Learn essential idioms about elephants from Chinese history
A herd of wild Asian elephants captured media headlines in June this year as they lumbered north across China's southwestern Yunnan province. The elephants' march far from their home brought up important questions about habitat loss and conservation, as much as it captivated audiences worldwide as the herd chomped on acres of crops, wandered through local villages, and even enjoyed some homemade rice wine.
Elephants haven’t always enjoyed such fame in China—they didn’t make it onto the list of 12 zodiac animals. But the (not always) gentle giants left enough of an impression on ancient Chinese to find their way into a few idioms that are still in use today:
Ivory chopsticks and jade cups
Asian elephants once roamed in China as far north as the Yellow River Basin. The prodigious value of ivory, however, has been the driving force behind the poaching that has brought elephant populations worldwide to dangerously low levels. Chinese people began using ivory perhaps 3,000 years ago. Han Feizi (《韩非子》), an ancient Chinese text attributed to philosopher and statesman Han Fei (280 – 233 BCE), records how King Zhou of the Shang dynasty (1600 – 1046 BCE) , an infamous tyrant, used ivory chopsticks. Though this habit seemed inconsequential, the king’s uncle Jizi (箕子) was worried.
Jizi explained that the use of such lavish utensils put the king on a path to ruin. After using ivory chopsticks, it wouldn’t be long before the king sought plates and cups of jade or rhinoceros horn to replace his common clay bowls. With such delicate dinnerware, he wouldn’t be satisfied with using them to hold ordinary food, and would demand rare meats and top-quality ingredients. By then, the king wouldn’t be happy with eating such exquisite food in a simple dwelling while wearing plain clothes, so he would ask for gorgeous palaces and luxury outfits. “Because I am afraid of how it will end, I am scared of its start (吾畏其卒故怖其始),” Jizi said.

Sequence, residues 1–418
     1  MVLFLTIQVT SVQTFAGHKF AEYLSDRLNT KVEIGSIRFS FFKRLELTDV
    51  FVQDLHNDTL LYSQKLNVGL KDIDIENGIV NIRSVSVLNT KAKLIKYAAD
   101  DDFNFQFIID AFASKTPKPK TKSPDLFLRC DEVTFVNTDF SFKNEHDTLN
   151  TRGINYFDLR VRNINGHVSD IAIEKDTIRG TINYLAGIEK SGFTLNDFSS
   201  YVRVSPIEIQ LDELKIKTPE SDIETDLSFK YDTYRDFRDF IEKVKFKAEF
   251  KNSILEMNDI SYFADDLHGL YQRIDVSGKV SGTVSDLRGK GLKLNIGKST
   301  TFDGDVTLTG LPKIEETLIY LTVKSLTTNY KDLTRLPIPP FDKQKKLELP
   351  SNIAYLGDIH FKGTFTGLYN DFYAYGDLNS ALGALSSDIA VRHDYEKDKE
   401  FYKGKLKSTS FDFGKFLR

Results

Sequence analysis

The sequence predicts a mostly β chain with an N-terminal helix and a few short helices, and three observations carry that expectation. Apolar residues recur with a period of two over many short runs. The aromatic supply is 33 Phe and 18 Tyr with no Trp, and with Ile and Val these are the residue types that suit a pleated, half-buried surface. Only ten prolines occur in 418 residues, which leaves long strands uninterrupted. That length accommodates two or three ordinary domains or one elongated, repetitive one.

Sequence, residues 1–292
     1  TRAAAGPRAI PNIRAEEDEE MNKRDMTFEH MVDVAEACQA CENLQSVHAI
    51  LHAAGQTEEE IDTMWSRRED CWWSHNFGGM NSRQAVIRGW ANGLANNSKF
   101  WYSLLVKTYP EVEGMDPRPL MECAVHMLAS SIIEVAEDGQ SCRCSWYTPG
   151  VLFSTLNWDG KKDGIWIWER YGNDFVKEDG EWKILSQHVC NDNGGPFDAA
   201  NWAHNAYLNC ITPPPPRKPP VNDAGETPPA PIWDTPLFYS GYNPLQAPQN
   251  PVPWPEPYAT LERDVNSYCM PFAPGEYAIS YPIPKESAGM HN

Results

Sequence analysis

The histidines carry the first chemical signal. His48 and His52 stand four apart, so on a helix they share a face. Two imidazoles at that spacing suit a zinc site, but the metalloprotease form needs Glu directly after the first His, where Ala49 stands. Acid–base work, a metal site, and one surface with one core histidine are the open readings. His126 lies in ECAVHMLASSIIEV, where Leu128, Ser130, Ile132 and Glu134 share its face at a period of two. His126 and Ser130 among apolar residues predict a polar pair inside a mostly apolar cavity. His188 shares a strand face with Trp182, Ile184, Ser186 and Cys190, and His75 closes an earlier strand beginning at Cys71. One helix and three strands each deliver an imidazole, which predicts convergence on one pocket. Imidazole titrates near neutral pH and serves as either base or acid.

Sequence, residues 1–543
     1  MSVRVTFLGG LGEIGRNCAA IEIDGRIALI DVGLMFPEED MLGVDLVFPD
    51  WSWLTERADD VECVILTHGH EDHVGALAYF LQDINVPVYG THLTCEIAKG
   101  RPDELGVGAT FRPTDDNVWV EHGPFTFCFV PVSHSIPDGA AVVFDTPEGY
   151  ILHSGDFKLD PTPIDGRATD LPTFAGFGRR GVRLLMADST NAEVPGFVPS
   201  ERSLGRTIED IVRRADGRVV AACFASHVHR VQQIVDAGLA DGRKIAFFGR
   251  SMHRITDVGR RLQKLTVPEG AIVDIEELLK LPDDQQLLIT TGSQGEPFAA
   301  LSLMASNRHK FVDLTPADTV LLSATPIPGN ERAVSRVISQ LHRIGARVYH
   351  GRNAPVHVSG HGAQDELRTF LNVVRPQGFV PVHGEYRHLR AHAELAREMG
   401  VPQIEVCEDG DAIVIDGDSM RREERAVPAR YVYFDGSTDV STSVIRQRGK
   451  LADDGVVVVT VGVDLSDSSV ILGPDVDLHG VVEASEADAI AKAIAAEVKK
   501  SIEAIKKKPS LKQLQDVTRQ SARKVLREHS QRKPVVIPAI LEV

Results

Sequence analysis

Jizi’s prediction proved correct, and just five years later, King Zhou became completely obsessed with luxury. With his mind clouded by lust for wealth, the king became increasingly ruthless and tyrannical. The Shang dynasty soon collapsed. Later, people began to use "ivory chopsticks and jade cups (象箸玉杯)" to refer to an extravagant lifestyle. For example:
Rich people live life using ivory chopsticks and jade cups, how can they understand the hardship of the poor?
Fùrén men guòzhe xiàngzhù-yùbēi de shēnghuó, zěnme huì lǐjiě qióngrén de jiānxīn?
象齿焚身 xiàngchǐ fénshēn
An elephant is killed due to its ivory
Even in ancient times, people realized that the ivory trade was a disaster for elephants, and this chengyu refers to how valuable possessions can turn out to be a curse. In the Spring and Autumn Period (770 – 476 BCE), the State of Jin forced smaller states to pay large tributes into the Jin coffers. The heavy burden took its toll on those weaker states, so Zichan (子产), statesman of the Zheng state, wrote a letter to Shigai (士匄), the ruler of the State of Jin, who was also known as Fan Xuanzi (范宣子):